Natural Resources
Vol. 3  No. 4 (2012) , Article ID: 26278 , 7 pages DOI:10.4236/nr.2012.34028

Preliminary Comparative Physiological and Biochemical Study of Five Different Goat Breeds Inhabiting Saudi Arabia

Mohammed Salem AL-Harbi1, Sayed Amin Mohamed Amer1,2*

1Department of Biology, Faculty of Science, Taif University, Taif, Saudi Arabia; 2Department of Zoology, Faculty of Science, Cairo University, Giza, Egypt.

Email: *

Received September 20th, 2012; revised October 27th, 2012; accepted November 13th, 2012

Keywords: Goat Breeds; Electrophoresis; Isoenzymes; Physiology; Saudi Arabia


Three arbitrary chosen enzymes were examined by native-polyacrylamide gel electrophoresis to investigate physiological and genetic variations among five different goat breeds inhabiting Saudi Arabia. The goat breeds were Pakistani, Tihami, Syrian, Masri and Aardi while the investigated enzymes were alkaline phosphatase (ALP), malate dehydrogenase (Mdh) and malic enzyme (ME). Six polymorphic loci with six monomeric alleles have been recorded in all studied breeds. The second locus of ME was characteristic of Syrian breed where it showed dimeric alleles. The similarity matrix that has been calculated according to the number of sharing bands indicated that these breeds have been divided into two groups: Pakistani and Tihami as one group while the other three breeds clustered in another group. The activity of the metabolic enzymes (Mdh and ME) showed concordance with the constructed relationship where the percentage amounts of these enzymes showed significant variations between the two groups more than that occurred within each group. Mdh was expressed in the second group more than in the first while ME showed, nearly, equal expression in the different breeds. Both genetic and physiological results agreed in clustering the studied breeds into Pakistani and Tihami in one group and the other three breeds in another group. This division was based on a few gene loci and a few sampling size and it needs to be supported by collecting more genetic data and more sampling size in a further molecular study.

1. Introduction

Goat (Capra aegagrus), as one of the ancient livestock, was first domesticated in western Asia in the period of 9000 - 7000 BC [1]. It was considered that the domestic goat breeds in the world were from a single origin and their separations in different ecological areas followed [2]. It was also suggested by Zhang and Li [3] that the goat in the world could be divided into three populations according to the Hb gene frequency [4]. Generally, goat breeds are named by their places of origin and classified by their uses of products. As the effect of different ecological conditions and long-term artificial selection, goat breeds with different genetic characteristics and product orientation are formed [5]. Eighty eight percentages of the world goat populations are located in Asia and Africa, mostly in the tropics and sub-tropics [6]. Goats are one of the worlds most adaptable and widespread livestock species, and are one of the main economic recourses in many developing countries [7].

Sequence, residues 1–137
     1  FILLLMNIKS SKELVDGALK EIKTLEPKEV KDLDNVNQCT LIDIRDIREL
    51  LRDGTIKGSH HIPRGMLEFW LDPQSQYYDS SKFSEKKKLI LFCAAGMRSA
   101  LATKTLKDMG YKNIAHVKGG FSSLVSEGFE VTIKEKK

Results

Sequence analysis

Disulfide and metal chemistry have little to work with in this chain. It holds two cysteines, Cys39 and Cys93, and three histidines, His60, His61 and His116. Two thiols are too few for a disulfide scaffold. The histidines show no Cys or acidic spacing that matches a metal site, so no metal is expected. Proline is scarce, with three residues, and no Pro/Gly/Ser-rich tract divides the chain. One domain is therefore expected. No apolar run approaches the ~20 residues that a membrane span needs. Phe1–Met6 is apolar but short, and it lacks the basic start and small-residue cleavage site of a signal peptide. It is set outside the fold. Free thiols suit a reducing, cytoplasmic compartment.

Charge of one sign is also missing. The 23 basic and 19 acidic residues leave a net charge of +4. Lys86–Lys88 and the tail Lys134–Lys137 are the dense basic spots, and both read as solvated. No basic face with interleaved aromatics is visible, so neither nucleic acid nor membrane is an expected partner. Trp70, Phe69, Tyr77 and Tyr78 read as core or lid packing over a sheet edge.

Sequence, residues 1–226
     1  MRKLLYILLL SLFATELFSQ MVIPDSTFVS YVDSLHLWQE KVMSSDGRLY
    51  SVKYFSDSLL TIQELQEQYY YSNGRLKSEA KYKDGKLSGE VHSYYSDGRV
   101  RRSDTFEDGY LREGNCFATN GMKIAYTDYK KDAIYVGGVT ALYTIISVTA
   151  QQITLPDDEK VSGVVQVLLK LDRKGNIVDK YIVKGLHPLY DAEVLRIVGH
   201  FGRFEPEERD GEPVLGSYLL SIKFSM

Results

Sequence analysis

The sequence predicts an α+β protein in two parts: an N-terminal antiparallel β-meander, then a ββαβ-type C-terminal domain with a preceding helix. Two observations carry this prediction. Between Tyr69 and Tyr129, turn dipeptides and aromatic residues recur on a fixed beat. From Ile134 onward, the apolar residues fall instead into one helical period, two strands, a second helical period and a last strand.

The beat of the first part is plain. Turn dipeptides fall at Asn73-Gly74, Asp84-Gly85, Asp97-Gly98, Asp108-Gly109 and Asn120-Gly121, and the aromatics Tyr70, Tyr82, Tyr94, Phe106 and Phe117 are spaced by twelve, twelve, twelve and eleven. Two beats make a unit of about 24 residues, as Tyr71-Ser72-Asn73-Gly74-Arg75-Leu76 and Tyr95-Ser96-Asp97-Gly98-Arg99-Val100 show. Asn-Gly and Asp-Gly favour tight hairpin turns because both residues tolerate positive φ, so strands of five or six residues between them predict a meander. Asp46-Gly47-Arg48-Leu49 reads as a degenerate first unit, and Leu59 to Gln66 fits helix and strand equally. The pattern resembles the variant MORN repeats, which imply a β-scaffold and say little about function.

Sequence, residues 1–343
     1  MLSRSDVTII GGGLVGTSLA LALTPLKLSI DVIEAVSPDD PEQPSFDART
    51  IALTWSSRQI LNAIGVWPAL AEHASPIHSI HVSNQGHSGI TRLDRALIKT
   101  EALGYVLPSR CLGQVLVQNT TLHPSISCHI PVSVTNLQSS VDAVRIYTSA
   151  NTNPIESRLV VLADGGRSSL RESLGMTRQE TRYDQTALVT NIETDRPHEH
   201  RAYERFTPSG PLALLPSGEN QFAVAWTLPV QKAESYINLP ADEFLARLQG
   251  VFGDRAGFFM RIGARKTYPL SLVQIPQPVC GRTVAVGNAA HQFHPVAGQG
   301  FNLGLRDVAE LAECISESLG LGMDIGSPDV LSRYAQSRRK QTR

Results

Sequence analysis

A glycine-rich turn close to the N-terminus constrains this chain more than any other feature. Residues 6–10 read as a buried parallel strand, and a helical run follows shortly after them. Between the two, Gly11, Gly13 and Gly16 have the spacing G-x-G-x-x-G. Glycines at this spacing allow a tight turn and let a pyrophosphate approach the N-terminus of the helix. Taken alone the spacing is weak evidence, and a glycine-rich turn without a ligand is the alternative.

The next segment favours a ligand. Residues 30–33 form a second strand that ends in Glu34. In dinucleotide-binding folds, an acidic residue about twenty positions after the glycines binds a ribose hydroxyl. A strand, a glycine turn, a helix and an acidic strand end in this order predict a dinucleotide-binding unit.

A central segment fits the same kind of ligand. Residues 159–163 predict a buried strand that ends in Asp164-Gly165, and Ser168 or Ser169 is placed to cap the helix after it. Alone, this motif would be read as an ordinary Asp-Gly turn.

The available literature related to the field of metabolism in goats is scarce [8]. Some investigations have studied healthy goats and presented biochemical indicators in relation to breeds [9-12]. Goat living in a desert environment, like Arabian goat, is characterized by low body mass and low metabolic requirements [13].

Alkaline phosphates are a group of isoforms which hydrolyze many types of phosphate esters, whose natural substrate or substrates are unknown [14]. In both humans and animals, the major sources of ALPs are the liver, bone, kidney and placenta. Total serum ALP activity has diagnostic value in the hepatic and bone diseases in dogs and cats [15]. It is of little value in hepatic diseases of horses and ruminants. The range of serum ALP value in goats may be 10-fold with no evidence of hepatic damage. Values within the individual are fairly constant for sequential evaluation [15].

Malate dehydrogenase and malic enzyme are among the tricarboxylic acid cycle enzymes that are responsible for lipid and energy metabolism [16,17]. These two enzymes are commonly expressed in most eukaryotic organisms as two fractions, one is cytosolic and the other is mitochondrial [18]. Both enzymes have been studied in many ruminants [19].

Genetic diversity is defined as the sum of genetic differences in multiple loci among individuals in a population, and is most readily reflected in the phenotypic variation seen in many populations. Genetic diversity is a valuable asset as the adaptability of a population, that is the population’s ability to adapt to changes, depends on it [20]. It is well known that species can face great environmental changes over time, such as in climate, pollution and in diseases, and genetic diversity is required for populations to adapt to these changes [21].

In recent years, molecular genetics have experienced considerable advances and offer a convenient way for characterization of population structure. Nowadays, DNA molecular markers are extensively applied to the goat breed classification instead of blood protein and isoenzyme [4]. MtDNA (mitochondrial DNA) is an important maternal genetic marker in studying the genetic relationships of livestock species and breeds [22]. The mtDNA has proven to be especially valuable in the study of genetic variation because it shows the maternal inheritance and changes much more rapidly than single copy nuclear DNA in mammals [23]. Compared with analyses of allozymic variations, analyses of mtDNA polymorphism at the nucleotide level have shown to be very useful for detection of genetic variation.